John Deaton believes that the issue of unequal treatment raises concerns about the effectiveness and fairness of the regulatory body, and questions the general digital asset framework.
Pro-XRP lawyer John Deaton has said that the actions taken by the United States Securities and Exchange Commission (SEC) against the crypto sector are directed by a broader purpose of protecting corporate capitalism rather than protecting investors.
Deaton underscored what he perceives as aggressive measures against cryptocurrencies, specifically concerning the SEC’s initiatives against Coinbase and Ripple. In his comments, he addressed many aspects such as accredited investor rules, the SEC’s approach to regulating cryptocurrencies, and its attitude towards retail investors in the Ripple case.
On X (Twitter), Deaton shares his viewpoint that the United States functions within the confines of corporate capitalism, as opposed to a genuine capitalist system. He emphasizes various aspects of the current financial landscape to strengthen his argument.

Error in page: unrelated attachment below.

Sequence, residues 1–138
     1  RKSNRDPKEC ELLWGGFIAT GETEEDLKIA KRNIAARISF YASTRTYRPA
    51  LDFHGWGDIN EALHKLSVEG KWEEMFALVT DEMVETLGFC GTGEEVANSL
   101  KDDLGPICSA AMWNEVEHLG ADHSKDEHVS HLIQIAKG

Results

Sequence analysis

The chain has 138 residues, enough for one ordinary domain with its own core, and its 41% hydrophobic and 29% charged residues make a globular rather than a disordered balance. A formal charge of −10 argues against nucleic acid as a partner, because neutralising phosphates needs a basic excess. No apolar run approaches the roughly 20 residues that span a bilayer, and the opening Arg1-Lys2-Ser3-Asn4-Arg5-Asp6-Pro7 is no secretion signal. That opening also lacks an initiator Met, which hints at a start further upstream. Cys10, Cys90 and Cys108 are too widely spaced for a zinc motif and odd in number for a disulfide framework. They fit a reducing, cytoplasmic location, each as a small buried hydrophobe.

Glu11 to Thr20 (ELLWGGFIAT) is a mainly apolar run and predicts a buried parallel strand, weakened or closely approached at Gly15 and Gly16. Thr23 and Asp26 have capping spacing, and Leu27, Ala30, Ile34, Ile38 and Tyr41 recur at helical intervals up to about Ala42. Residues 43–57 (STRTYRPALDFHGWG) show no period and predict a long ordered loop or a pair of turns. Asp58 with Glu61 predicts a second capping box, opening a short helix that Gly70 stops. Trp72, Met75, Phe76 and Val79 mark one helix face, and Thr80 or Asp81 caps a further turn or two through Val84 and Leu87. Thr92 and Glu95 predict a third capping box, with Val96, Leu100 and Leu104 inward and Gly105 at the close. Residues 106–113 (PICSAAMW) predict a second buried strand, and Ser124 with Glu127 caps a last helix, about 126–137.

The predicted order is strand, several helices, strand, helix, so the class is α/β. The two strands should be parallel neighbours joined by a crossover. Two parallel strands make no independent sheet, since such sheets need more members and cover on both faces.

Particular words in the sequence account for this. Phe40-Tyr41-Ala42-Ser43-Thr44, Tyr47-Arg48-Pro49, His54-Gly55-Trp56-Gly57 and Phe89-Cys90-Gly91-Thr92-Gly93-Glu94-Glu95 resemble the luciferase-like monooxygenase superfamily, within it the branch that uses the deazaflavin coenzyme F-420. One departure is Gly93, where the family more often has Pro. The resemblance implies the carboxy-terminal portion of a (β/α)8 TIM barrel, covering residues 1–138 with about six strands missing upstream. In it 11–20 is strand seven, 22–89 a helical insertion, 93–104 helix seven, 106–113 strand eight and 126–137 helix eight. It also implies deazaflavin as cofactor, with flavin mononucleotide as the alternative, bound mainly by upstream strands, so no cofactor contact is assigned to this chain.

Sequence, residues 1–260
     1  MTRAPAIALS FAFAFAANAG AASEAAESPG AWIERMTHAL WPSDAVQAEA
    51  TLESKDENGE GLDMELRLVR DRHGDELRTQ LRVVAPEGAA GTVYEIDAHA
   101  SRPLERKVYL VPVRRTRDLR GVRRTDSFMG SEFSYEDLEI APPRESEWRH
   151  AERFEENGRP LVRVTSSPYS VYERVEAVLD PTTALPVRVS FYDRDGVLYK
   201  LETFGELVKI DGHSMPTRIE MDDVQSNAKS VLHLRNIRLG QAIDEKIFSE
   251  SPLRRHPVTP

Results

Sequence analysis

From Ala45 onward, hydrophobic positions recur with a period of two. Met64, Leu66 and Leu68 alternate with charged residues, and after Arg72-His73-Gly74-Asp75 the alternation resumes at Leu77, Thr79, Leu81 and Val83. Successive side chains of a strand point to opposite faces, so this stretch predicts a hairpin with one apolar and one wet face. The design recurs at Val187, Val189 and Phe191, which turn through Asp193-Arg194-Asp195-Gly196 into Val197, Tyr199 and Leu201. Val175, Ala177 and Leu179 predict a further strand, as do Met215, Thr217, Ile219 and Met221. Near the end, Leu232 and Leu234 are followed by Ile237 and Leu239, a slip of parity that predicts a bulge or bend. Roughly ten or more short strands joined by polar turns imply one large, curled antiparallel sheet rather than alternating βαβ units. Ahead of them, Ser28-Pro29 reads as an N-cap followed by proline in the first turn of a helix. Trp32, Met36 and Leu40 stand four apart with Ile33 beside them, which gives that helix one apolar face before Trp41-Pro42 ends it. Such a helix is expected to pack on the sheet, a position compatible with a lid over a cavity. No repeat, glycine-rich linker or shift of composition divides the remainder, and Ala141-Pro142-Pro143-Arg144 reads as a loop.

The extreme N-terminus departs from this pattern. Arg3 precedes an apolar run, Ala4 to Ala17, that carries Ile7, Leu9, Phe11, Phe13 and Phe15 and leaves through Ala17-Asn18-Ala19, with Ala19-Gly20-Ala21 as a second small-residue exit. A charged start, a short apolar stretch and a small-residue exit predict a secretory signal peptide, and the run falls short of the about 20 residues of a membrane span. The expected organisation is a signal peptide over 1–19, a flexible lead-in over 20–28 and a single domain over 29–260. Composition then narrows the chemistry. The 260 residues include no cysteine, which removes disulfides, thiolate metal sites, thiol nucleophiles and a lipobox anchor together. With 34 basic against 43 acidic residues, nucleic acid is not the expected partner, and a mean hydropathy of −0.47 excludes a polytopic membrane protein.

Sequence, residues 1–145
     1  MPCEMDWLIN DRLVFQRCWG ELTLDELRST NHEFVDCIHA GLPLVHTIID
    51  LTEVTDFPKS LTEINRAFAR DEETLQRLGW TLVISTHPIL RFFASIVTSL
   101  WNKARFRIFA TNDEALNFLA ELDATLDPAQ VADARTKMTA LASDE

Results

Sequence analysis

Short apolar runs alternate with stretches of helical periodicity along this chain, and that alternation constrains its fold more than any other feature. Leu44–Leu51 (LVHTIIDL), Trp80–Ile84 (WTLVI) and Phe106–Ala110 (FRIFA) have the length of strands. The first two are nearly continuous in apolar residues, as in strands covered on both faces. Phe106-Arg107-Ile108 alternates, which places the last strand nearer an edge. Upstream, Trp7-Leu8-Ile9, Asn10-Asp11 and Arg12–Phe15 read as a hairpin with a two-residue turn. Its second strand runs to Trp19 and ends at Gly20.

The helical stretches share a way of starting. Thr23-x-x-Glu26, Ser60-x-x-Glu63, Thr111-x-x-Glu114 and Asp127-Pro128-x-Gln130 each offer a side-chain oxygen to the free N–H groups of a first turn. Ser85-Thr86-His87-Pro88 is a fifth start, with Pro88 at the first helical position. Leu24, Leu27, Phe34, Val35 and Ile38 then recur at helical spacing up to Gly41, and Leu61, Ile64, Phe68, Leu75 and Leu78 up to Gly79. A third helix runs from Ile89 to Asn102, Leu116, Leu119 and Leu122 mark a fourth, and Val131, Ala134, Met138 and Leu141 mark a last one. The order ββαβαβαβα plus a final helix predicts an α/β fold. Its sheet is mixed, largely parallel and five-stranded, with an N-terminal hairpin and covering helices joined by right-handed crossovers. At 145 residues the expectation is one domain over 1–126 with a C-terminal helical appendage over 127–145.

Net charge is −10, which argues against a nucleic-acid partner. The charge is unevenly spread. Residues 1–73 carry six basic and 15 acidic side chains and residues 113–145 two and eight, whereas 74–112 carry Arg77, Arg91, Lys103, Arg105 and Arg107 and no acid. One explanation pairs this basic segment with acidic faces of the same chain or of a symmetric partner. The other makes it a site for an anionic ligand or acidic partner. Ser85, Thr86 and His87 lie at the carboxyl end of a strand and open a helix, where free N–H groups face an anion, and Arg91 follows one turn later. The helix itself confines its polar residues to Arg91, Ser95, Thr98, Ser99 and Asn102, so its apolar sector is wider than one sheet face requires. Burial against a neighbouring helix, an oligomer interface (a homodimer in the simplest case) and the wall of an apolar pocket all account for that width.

Deaton said that the SEC’s allocation of limited resources to Section 5 cases and its focus on targeting the secondary market rather than addressing fraud in the crypto space shows misplaced priorities. He insisted that this approach could potentially stifle innovation and hinder the growth of the emerging crypto sector.
Moreover, Deaton underscores the SEC’s resistance to allowing retail investors to join as amici curiae (friends of the court) in the Ripple lawsuit. With this situation, Deaton reinforces the impression that the regulatory body is reluctant to consider the views of individual investors and prioritizes the interests of larger financial institutions over those of individual investors.
Deaton emphasizes that the perceived double standard in crypto regulation is a major cause for concern. He rebukes the SEC for its lack of interaction with forward-thinking entities such as Coinbase. He also points out that SEC Chairman Gary Gensler had multiple meetings with Sam Bankman-Fried, the former CEO of the failing FTX exchange.
Unequal treatment raises concerns about the effectiveness and fairness of the regulatory body, and about the general digital asset framework. The SEC’s different approaches to various industry players can potentially hamper innovative startup growth while possibly advantaging more established assets.